MEN’s violence is a near universal phenomenon, but SA has one of the highest incidences of intimate partner violence in the world.
Violence like this has been learned. Men are often socialised into violence, and come to be violent because it is set up as a viable expression of their masculinity. So violence can be unlearned.
According to the South African Medical Research Council, intimate partner violence — which may include physical, sexual, emotional, or economic abuse by a former or current partner — is one of the most common forms of violence experienced by women in SA.
It is said one in every four South African women will experience intimate partner violence at some point during her life. Such violence is primarily carried out by men.
The Domestic Violence Act provides sufferers of domestic violence with an instrument to prevent abuses. Despite this being progressive, accessible, and necessary legislation, it does little in the way of its commitment to “the elimination of domestic violence” due to its neglect of SA’s socioeconomic context — the setting in which such violence is learned.
Boys are taught from a young age that being aggressive is central to expressions of masculinity. Violence is a masculine choice available to men and it is seen as an acceptable, socially sanctioned presentation of manhood, which attempts to take back any component of traditional manhood which has been undermined.
Intimate partner violence can be understood as a crime of power, which SA’s patriarchal society has awarded to all men who live within it. However, violence is not the only kind of destructive reaction to feelings of masculine disarmament. For example, men may also assume a “cool pose” in an attempt to disengage with the shame of not fulfilling gendered expectations.
I am not arguing for a simplistic explanation of the undoubtedly complicated social, psychological, and economic factors which influence gender-based violence. Nor am I suggesting that violent men be absolved of responsibility.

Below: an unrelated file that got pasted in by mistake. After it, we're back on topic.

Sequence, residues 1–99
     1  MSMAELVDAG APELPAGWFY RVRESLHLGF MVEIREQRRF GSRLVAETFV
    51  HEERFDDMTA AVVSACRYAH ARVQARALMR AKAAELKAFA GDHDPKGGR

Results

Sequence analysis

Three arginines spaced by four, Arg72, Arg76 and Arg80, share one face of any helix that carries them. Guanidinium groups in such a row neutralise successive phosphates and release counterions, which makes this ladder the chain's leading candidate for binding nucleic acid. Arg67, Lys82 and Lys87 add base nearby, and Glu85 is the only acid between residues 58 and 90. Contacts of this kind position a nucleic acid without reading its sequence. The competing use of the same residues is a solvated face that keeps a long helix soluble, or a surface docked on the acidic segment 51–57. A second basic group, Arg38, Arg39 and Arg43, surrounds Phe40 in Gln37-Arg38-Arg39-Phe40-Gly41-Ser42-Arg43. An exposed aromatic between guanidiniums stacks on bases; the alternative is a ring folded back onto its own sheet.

I AM also not emphasising the victimhood status of women who suffer from gender-based violence, or neglecting the agency of these women, who are not necessarily passive receivers of violence.
Rather, I believe that pathologising violent men can act simplistically to fix the problem of violence to maleness. Demonising men does little to address the social contexts that foster violence, and in which men learn violence.
Legislation that commits itself to the “elimination” of gender-based violence needs to consider the social environment in which such violence is embedded and learned.
Considering violence as a reaction to feelings of humiliation at not embodying traditional manhood allows us to begin to think about ways in which we can unlearn the gendered expectations that limit the manner in which we engage with our environments — as well as with each other — so that the lived reality of South African women begins to reflect the reality described in the Constitution.
The vast majority of family or fatherhood programmes do not recognise that men are able to contribute to a family beyond finances.
These programmes, along with myriad media depictions and educational norms, act to further entrench notions of traditional (and often dangerous) masculinities as normal or healthy ways for men to conceptualise and perform manhood.
UNDERSTANDINGS of “successful” masculine performance must be reimagined as consisting of numerous positive behaviours.
For instance, men who cannot financially provide for their families should be urged to perform a number of other caregiving roles, many of which may be associated with traditional femininity.
If men are able to step into alternative gender roles, and are able to do so without discrimination, the social conditions that foster gender-based violence, and position such violence as condoned and accessible, may begin to be meaningfully addressed.
Lessons of violence as masculine begin from a young age. The home is one of the important spaces in which boys begin to learn that violence is an acceptable form of masculine expression, and it is therefore the home that is an important site of departure for unlearning violence.
Boys need to learn and assimilate non-violence into their identities, and learn to like non-violent behaviour. This is perhaps easier said than done in a patriarchal society that says otherwise. Boys must be reprimanded when they exhibit any kind of behaviour that invites violence into the construction of their identities.
Violence should not be silenced or celebrated; it needs to be challenged in every sort of overt or implicit form it embodies.
The common understanding of violence as inherent to men does little to meaningfully address violent behaviour, and may in fact reinforce notions of “real men” having to embody such violence. Instead, by conceptualising violence as something to be unlearned, we may begin to dismantle dangerous gendered performances and understandings, thereby making compatible non-violent behaviour with successful masculine identities.
• Malherbe is a researcher in the violence, injury and peace research unit at the Medical Research Council